Google Wave for Dummies: A Complete Review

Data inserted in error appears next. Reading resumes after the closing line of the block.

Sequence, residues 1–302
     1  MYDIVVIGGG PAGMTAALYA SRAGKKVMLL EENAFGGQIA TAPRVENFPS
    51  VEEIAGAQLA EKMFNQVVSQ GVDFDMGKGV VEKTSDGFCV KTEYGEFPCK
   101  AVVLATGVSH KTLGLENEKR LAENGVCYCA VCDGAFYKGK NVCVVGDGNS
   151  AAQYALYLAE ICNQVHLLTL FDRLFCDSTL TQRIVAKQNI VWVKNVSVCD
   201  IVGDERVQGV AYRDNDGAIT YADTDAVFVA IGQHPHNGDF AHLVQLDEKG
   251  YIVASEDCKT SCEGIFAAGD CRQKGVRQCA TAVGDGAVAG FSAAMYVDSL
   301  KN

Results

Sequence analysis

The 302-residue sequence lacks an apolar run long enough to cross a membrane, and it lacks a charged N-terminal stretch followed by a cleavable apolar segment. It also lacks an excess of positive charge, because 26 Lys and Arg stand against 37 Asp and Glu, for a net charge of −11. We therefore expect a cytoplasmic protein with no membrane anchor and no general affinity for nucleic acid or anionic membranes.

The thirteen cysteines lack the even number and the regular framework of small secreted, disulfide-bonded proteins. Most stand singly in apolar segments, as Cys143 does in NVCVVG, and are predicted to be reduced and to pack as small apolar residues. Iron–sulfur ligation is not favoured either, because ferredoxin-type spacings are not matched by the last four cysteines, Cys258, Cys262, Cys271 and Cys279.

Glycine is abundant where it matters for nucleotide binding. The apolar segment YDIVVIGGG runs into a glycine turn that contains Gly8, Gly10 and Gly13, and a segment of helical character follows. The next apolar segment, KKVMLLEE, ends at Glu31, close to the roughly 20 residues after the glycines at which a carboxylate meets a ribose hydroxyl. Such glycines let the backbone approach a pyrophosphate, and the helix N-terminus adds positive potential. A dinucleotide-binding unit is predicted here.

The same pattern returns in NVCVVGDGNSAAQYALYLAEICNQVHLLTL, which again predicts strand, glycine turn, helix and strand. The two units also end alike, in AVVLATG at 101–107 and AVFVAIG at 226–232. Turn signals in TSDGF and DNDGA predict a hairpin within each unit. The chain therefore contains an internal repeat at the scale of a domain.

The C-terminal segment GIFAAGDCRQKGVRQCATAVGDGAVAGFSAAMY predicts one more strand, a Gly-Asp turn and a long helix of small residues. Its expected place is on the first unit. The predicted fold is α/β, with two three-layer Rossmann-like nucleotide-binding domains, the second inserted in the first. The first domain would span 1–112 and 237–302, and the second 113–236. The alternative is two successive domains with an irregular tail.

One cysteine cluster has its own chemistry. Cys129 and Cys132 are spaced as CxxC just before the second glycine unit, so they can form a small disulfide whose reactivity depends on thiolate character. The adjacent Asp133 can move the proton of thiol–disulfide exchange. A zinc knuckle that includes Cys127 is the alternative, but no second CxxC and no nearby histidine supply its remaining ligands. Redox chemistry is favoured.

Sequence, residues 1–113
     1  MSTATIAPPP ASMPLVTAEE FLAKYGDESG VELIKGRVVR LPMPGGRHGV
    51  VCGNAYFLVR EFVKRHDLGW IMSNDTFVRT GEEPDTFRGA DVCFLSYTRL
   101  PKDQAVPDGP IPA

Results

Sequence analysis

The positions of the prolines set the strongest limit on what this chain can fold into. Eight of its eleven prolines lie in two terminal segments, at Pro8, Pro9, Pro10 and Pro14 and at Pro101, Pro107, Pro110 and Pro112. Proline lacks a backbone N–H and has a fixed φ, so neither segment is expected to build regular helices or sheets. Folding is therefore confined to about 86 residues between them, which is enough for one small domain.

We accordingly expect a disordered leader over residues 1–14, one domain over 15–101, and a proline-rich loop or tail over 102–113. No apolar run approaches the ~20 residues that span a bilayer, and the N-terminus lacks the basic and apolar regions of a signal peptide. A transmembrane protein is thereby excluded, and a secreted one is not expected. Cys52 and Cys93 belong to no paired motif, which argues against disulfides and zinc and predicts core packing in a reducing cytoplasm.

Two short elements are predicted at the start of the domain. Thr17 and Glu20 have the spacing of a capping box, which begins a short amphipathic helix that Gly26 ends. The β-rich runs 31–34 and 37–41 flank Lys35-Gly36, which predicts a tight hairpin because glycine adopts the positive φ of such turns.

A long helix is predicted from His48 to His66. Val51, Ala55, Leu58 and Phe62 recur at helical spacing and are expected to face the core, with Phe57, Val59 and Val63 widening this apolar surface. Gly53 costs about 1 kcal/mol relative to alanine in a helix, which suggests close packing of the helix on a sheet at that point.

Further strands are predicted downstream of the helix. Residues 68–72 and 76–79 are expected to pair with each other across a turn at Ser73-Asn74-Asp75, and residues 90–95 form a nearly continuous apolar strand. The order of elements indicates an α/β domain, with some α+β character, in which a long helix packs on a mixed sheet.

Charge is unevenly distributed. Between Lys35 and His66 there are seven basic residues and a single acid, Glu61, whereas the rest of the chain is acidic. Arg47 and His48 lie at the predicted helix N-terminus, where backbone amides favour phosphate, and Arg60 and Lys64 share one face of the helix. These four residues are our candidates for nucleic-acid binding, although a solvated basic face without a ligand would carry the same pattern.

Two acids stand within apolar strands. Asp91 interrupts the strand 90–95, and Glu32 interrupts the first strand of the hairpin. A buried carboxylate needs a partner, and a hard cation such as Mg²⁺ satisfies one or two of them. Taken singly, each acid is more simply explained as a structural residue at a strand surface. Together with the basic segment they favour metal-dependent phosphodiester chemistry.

Google promised that they will be introducing something extraordinary at the recently concluded Google’s I/O conference 2009 and oh boy, did they keep the promise! The original creator of Google Maps, Lars and Jens Rasmussen took the stage to present their latest creation called Google Waves. Their 5 person team has been building a prototype at the Sydney office for the last two years and after continuous expansion of the team, idea and technology they have finally given developers an early preview of Google Wave. It’s a wonder how new Google Products make such huge headlines, as within hours of the preview the blogosphere is raving about how this new service is going to change the way we communicate and collaborate. The brothers took the inspiration from the fact that two of the most commonly used digital communications are based upon traditional analog methods – email as snail mail and IM as phone calls. Google Waves proposes to bridge the divide between these modes of communications by a single smooth model. The winning formula for Wave here is that all the communication flow happens in real time. Wave looks as the final answer to Google satisfying the demands for real time – yet organized – internet communication. You can say that’s it’s a coherent combination of a little bit of Friendfeed, a little bit of Twitter and a little bit of Facebook, all at the same time using real time channels. Now, if you don’t want to get lost in the hundreds of articles already on this service we have put together a small summary for you. Let’s go! Is it a particle or a wave? It’s both. By erasing the distinction between email and IM, Wave lets you see each character as its typed (this feature can be disabled from the settings) and is bringing the online world closer and closer to real world experiences. As the Rasmussens say, “A wave is equal parts conversation and document, where people can communicate and work together with richly formatted text, photos, videos, maps, and more.” In lesser words, Wave is the complete real time communication platform. Some of its innovative features include: The ultimate real time machine: You can see what others are typing, character-by-character! Embeddable: You can embed the waves in your own blogs or websites etc. Playback option: If you have been added to the wave (conversation) that has been going for a long time, then you can be added at any relevant point, not just the end! And, the best thing, you can playback the entire evolution of the conversation. Editing like a wiki: If you want to edit a message (by you or by someone else) then the original author is notified and everyone can replay and view the changes. These features lead to a very interesting overview that now, conversations will become shared documents, rich in embedded and relevant media. And if you think that the wave is becoming too huge to handle, you can export part of it and start afresh from there! It looks as if Wave makers have thought of everything that a user might do while talking and brought it in. Open Source implies extensions and applications: Wave has been made completely open and extensible, which invites developers to add all kinds of customized stuff before the final public launch. File sharing: You don’t need attachments; you can just drag and drop files inside the Wave and everyone can download it. Spelling correction: Server based models use natural language tools and provide very accurate contextual suggestions. Google Wave as a platform The official blog post up at Google Blog says that Wave is more than a product, “The Google Wave product (available as a developer preview) is the web application people will use to access and edit waves. It’s an HTML 5 app, built on Google Web Toolkit. It includes a rich text editor and other functions like desktop drag-and-drop (which, for example, lets you drag a set of photos right into a wave). Google Wave can also be considered a platform with a rich set of open APIs that allow developers to embed waves in other web services, and to build new extensions that work inside waves.” It is heartening to see that the team didn’t bombard the core product with loads of features, but instead added new features via the Wave APIs, which is encouraging for third party developers. Apart from the thousands of the existing thousands of iGoogle or OpenSocial gadgets can run within Google Wave, some of the useful extensions that have been built in Google Wave are listed below (if you find out some more, do let us know below in the comments). Polly: This one lets you embed polls into a wave, like the one shown below (image via venturebeat). Here, participants are being asked about whether they will attend a party. Responses appear real time in the poll for everyone to see, how cool is that? No pressing the refresh button anymore! Bloggy: Is a blog client and lets you make a blog post as a wave. When people comment, they join the conversation. Spelly: Is a spell-checker providing a more comprehensive database of the web from its dictionary. Linky: Is a link-recognition engine which learns whether the link you just put into the Wave is from YouTube or Flickr or any other media sharing site and gives you the option to embed it right into the wave in rich format! Buggy: Is a bug-reporting tool which should be really useful in the early development phases of the product. Maps: Allows for collaboration on a Google map to plan events Bidder: This one turns your wave into an auction! Twave: Twitter + Wave It is a Google Wave robot based extension, which means it can be an automated presence in the wave. The Google robot called “Tweety” puts in a full stream of a Twitter feeds within your Google Waves platform. So, you don’t just get to see the Twitter timeline, but also reply, archive and also use the awesome playback feature! Interactive Games Live online games and quizzes etc. with active participation from all users can now be built, similar to Facebook or MySpace apps. For example, here’s a real-time interactive chess game in Wave: For a more technical explanation, be sure to check out Google’s Wave Gadgets Tutorial. Terminology You have to understand the Google Wave slang first if you want to understand this new communication platform. Let’s have a look. Wave: The whole service is based on a collection of waves, and a wave serves as a threaded conversation. It can have one user, a group of users or even robots! (Not the real ones, silly) Wavelet: Is a part of the wave, a small part of a larger history and conversation. Blip: Is like a cell in the human body, it’s the structural unit of the system. It is a single individual message. Robots: They are automated participant within a wave, which can used to provide information from outside sources and do certain automated and pre-coded actions like telling you about the weather at a place when you mention a city or type a certain command. So, did this get you excited? Sadly, you will have to wait a bit as Google Wave will not be available for the general public until late in 2009. But, if you want to keep in touch with the latest updates, sign up for it here. If you want to put waves in your site and build extensions, you can get the Wave API from here and it also uses an open protocol, so you build your own wave system!